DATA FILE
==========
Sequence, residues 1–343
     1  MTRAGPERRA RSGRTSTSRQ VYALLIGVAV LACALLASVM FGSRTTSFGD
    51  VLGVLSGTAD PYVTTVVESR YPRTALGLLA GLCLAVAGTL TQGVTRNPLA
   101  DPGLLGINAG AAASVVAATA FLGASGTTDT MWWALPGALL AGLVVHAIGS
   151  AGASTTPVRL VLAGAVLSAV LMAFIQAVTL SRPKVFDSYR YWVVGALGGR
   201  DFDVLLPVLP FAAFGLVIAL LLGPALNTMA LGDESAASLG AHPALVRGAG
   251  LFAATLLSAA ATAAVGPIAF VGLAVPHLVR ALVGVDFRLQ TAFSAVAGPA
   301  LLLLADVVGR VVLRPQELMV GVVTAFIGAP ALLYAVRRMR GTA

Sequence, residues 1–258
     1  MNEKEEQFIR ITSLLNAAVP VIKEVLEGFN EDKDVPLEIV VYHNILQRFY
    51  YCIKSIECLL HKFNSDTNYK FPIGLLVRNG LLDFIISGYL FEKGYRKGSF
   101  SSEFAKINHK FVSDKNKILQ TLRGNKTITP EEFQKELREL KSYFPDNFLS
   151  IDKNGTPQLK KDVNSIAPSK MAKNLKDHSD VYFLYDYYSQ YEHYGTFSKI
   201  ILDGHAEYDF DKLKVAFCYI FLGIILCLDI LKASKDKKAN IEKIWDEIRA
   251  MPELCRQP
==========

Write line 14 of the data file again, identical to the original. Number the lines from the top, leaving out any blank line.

   201  ILDGHAEYDF DKLKVAFCYI FLGIILCLDI LKASKDKKAN IEKIWDEIRA